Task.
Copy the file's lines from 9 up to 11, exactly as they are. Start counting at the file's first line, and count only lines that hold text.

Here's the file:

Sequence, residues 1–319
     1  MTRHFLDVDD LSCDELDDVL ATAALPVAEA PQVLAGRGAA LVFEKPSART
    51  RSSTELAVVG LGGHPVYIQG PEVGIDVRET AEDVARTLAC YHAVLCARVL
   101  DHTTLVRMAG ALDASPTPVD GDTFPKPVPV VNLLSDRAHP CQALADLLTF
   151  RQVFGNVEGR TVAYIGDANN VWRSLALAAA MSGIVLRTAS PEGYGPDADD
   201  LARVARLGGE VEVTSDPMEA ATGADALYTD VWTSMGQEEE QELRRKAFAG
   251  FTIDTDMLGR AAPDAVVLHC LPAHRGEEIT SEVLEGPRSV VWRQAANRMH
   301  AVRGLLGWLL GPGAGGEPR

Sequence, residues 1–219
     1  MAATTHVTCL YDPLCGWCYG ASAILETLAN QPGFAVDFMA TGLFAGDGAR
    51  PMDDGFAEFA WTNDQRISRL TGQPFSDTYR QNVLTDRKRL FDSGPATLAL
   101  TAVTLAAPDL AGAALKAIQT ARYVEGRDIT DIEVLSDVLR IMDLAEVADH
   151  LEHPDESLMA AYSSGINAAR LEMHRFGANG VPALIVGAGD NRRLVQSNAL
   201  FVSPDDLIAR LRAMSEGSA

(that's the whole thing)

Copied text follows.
Sequence, residues 1–219
     1  MAATTHVTCL YDPLCGWCYG ASAILETLAN QPGFAVDFMA TGLFAGDGAR
    51  PMDDGFAEFA WTNDQRISRL TGQPFSDTYR QNVLTDRKRL FDSGPATLAL